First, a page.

•Move aimed at boosting savings culture.
•An analysis by EFG Hermes reveals that Africa's saving rate stands at an average of 17 per cent with Kenya's saving rate at 12 per cen.
Over 1,500 high school students across the East and Southern African region will benefit from financial literacy training in a bid to cultivate a healthy savings culture.
Octagon Africa, through the first virtual financial literacy training, themed 'Starting now for a better future, aims to educate the students on understanding money, budgeting, and saving.
“Currently the pension coverage in the country is still low at about 22 per cent of the total labour force which is heavily attributed to a poor savings culture. In order to avert these glaring numbers there is a need to cultivate healthy saving habits from a young age,” said Octagon Africa Group CEO Fred Waswa.
Octagon offers financial services on pension, actuarial services, insurance brokerage and training services to individuals, non-profit, public, and private sector organisations.
An analysis by EFG Hermes reveals that Africa's saving rate stands at an average of 17 per cent with Kenya's saving rate at 12 per cent, half of the average for low-income countries.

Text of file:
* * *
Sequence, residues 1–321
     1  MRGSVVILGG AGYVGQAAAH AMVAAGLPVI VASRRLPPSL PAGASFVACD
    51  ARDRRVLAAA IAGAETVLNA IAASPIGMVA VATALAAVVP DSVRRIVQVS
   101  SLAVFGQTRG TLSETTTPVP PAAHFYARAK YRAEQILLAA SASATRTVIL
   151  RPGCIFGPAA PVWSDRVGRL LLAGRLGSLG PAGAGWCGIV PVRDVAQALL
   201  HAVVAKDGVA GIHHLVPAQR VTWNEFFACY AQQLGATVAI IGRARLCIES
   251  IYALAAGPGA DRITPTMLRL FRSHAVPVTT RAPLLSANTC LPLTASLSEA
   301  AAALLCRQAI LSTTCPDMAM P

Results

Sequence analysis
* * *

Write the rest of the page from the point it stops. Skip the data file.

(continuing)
“Our vision as Octagon Africa is to guarantee financial security and we believe that the key to this security lies in saving cultivated from a young age. Through this financial literacy trainings, we are confident that we will be able to contribute to the increment of the savings rate across the region,” Waswa said.
The free financial literacy training for high school students is part of Octagon’s social responsibility to contribute to the region’s pension uptake across youth, employed and informal groups.
In line with its Pan-African dream, Octagon has expanded its operations to Kampala, Uganda and Lusaka, Zambia. Over the last 14 years, Octagon Africa has grown its fund portfolio to more than 200 corporate clients at the end of 2020.